Monterey Bay Aquarium and Research Institute: David and Lucile Packard Foundation, 1977

Center for Strategic Philanthropy and Civil Society (Duke)



Case Study Sector


The Monterey Bay Aquarium was first dreamed up one night by four young marine biologists who were concerned that increasing numbers of tourists would soon threaten the northern California bay, a treasure chest of marine biodiversity. The group, which soon grew to include a fifth member, thought that “a modest aquarium” might work as an anchor for research and protection efforts in the region. Their idea got a lot more serious when two of the five—Julie and Nancy Packard—took the idea to their father David, the billionaire electronics pioneer who, with his business partner Bill Hewlett, had established Silicon Valley as the epicenter of the twentieth century technology boom.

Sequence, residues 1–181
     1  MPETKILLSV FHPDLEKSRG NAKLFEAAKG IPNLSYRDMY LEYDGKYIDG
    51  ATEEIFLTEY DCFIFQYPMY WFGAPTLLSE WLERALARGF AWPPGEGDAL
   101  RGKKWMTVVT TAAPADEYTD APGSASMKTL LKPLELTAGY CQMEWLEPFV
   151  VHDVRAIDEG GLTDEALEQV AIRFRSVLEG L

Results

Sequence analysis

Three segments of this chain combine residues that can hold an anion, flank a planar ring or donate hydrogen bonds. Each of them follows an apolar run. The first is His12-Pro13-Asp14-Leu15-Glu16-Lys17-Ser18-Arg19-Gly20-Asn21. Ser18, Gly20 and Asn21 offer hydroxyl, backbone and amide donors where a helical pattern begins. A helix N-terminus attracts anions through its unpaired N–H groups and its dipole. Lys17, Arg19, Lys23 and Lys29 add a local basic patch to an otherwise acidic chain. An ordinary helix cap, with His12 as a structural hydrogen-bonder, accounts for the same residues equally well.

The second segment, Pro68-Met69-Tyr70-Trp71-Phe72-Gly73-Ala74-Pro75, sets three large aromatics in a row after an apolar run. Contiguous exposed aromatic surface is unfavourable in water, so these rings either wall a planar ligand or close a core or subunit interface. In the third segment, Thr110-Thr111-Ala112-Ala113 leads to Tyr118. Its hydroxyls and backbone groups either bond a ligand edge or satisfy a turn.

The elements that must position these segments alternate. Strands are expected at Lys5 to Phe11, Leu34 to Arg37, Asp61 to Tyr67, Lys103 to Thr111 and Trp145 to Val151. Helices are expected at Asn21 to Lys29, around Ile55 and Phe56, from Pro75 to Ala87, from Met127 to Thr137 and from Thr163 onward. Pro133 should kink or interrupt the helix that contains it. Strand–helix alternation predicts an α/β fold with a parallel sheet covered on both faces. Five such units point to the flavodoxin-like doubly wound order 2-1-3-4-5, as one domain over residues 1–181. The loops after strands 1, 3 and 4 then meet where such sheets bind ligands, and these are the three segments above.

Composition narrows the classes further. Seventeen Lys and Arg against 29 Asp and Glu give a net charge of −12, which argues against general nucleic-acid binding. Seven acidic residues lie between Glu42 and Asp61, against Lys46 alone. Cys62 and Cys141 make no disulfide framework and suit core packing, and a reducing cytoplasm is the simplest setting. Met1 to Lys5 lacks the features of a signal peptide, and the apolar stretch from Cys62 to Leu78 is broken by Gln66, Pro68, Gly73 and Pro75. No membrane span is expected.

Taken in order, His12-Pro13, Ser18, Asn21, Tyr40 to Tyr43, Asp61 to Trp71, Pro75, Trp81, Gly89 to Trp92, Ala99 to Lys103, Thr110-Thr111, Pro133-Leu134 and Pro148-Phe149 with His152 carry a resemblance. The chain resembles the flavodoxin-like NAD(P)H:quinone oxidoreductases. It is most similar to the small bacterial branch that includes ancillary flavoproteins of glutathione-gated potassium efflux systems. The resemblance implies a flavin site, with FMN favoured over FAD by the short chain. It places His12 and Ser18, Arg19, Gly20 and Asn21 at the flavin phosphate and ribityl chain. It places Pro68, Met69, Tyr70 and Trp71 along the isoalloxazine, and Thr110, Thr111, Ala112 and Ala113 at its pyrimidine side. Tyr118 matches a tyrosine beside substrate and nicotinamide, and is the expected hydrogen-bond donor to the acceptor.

In fact, the aquarium cost $54 million over seven years. The Packard Foundation paid all of this, and David Packard himself was deeply involved in designing the aquarium. When it opened in October 1984, the Monterey Bay Aquarium was the largest in the nation, and began to quickly attract hundreds of thousands of visitors. . . .



  • Partnership
  • Strategy


  • Northern America

Blog Posts

More on time, value, and time limits

February 19, 2018

A new report applies a theory of time and value in philanthropy to three real cases, to see how a foundation could decide whether to operate with a limited life, based on the amount and kind of value it hopes to create.


Oct 05

Rip Rapson
President and CEO
The Kresge Foundation